I’d always felt like there was something missing, I’d spent all the proceeding years accepting my situation and how “different” I looked from everybody else. I spent a number of years laughing about the various descriptive ‘tongue in cheek’ self-reference jokes. I figured that if I could make people laugh and see that I could laugh at myself (which I still can), then it’d put others at ease.
I used to wear a prosthetic arm with a pretty cool robotic hand, the fact that it actually served no functional purpose to me other than giving other people something cool to look at, the prosthetic arm became my shield like some kind of robotic safety blanket!!!! I’d wear clothing too big just to hide the outline of anything out of the ordinary underneath my clothing. I guess I compartmentalised everything in a kind’ve validation seeking exercise! It just meant that I hated summer because wearing less clothing wasn’t an option I was willing to explore, this image of self-confidence I portrayed was a put on show for everybody else, I wouldn’t even take my shirt off, go to a swimming pool or even the beach just to avoid any judgement. I literally felt like a duck floating gracefully on the surface of a lake but kicking hard underneath to stay afloat; it was a pretty vicious cycle!
So what changed? I had decided to take up cycling early in 2016 and in doing so got myself an Instagram account as a means to track my progress. I had set a goal of competing in the 2018 Invictus Games, I had caught the attention of an agency who offered me a modelling contract, this coupled with some test shoots the cycling and my first modelling, I started to notice various changes including the fact that I wasn’t wearing my prosthetic arm anymore, in fact it had stayed under my bed for the best part of a year, my cycling was getting better and I developed a whole new appreciation for what I was actually capable of!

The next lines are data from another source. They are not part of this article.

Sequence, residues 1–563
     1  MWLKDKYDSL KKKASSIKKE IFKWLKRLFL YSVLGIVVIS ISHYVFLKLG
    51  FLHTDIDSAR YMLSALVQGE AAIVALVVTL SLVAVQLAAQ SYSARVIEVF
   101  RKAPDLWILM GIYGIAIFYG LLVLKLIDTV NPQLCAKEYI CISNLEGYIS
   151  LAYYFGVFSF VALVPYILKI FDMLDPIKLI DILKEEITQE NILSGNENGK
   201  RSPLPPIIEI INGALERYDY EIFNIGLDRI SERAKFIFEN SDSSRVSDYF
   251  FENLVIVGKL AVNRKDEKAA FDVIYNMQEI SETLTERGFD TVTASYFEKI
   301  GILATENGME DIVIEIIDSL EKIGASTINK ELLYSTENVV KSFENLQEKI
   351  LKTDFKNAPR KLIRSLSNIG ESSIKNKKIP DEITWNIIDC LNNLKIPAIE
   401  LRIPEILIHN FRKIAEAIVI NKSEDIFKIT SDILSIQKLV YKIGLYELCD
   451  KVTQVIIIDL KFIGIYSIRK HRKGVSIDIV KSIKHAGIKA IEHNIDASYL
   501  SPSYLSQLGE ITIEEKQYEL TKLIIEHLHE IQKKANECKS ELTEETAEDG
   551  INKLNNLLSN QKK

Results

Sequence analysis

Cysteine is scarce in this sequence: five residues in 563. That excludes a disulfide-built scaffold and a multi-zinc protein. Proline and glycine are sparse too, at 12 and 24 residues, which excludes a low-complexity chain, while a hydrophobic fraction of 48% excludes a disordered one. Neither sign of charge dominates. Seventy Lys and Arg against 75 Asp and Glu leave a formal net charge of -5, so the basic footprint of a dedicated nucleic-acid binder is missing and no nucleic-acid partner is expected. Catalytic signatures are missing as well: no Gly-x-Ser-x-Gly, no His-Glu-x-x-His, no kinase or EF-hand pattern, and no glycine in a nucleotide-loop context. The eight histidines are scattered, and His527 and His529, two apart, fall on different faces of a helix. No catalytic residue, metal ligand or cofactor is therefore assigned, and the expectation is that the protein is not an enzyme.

I was asked by my agency to take part in a test shoot project for an art photography student – a test shoot is an unpaid shoot where a photographer books a model to build each other’s portfolios. The catch with this was that it was a risqué shoot; completely out of my comfort zone!! About half way through the shoot I just decided to embrace the unknown and I guess in essence I took a long running jump so far out of my comfort zone that (speaking metaphorically) the only way back was to get used to it and stroll back, I guess you can liken it to jumping into a pool for the first time to embrace the cold. It’s the single most liberating feeling I’ve ever had. What unfolded from that point was a complete feeling of self-acceptance and self-worth that had been missing all those years.
Even though I had accepted my body altering surgery from a hospital bed way back in 2009 which I absolutely had, I guess I hadn’t accepted that acceptance runs so much deeper than what other people think. I began to put in place a number of prerequisites, some rules if you like, for myself.